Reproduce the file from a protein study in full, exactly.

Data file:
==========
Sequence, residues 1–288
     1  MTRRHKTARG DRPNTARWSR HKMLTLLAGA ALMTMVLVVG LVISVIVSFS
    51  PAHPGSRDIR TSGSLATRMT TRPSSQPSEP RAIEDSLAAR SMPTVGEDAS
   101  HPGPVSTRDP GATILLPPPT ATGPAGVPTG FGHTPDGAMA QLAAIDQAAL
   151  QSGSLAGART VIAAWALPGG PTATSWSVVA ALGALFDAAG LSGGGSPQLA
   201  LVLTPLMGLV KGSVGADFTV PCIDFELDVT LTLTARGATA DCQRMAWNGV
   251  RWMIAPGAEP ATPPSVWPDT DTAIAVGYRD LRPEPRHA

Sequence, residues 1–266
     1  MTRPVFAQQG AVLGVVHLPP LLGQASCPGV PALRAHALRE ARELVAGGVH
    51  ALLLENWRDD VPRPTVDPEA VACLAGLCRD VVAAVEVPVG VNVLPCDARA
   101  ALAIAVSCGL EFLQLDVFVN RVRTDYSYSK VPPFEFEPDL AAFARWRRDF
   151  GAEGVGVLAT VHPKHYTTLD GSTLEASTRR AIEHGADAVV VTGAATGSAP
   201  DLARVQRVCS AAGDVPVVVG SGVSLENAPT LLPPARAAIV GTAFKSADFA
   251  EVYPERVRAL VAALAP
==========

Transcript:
Sequence, residues 1–288
     1  MTRRHKTARG DRPNTARWSR HKMLTLLAGA ALMTMVLVVG LVISVIVSFS
    51  PAHPGSRDIR TSGSLATRMT TRPSSQPSEP RAIEDSLAAR SMPTVGEDAS
   101  HPGPVSTRDP GATILLPPPT ATGPAGVPTG FGHTPDGAMA QLAAIDQAAL
   151  QSGSLAGART VIAAWALPGG PTATSWSVVA ALGALFDAAG LSGGGSPQLA
   201  LVLTPLMGLV KGSVGADFTV PCIDFELDVT LTLTARGATA DCQRMAWNGV
   251  RWMIAPGAEP ATPPSVWPDT DTAIAVGYRD LRPEPRHA

Sequence, residues 1–266
     1  MTRPVFAQQG AVLGVVHLPP LLGQASCPGV PALRAHALRE ARELVAGGVH
    51  ALLLENWRDD VPRPTVDPEA VACLAGLCRD VVAAVEVPVG VNVLPCDARA
   101  ALAIAVSCGL EFLQLDVFVN RVRTDYSYSK VPPFEFEPDL AAFARWRRDF
   151  GAEGVGVLAT VHPKHYTTLD GSTLEASTRR AIEHGADAVV VTGAATGSAP
   201  DLARVQRVCS AAGDVPVVVG SGVSLENAPT LLPPARAAIV GTAFKSADFA
   251  EVYPERVRAL VAALAP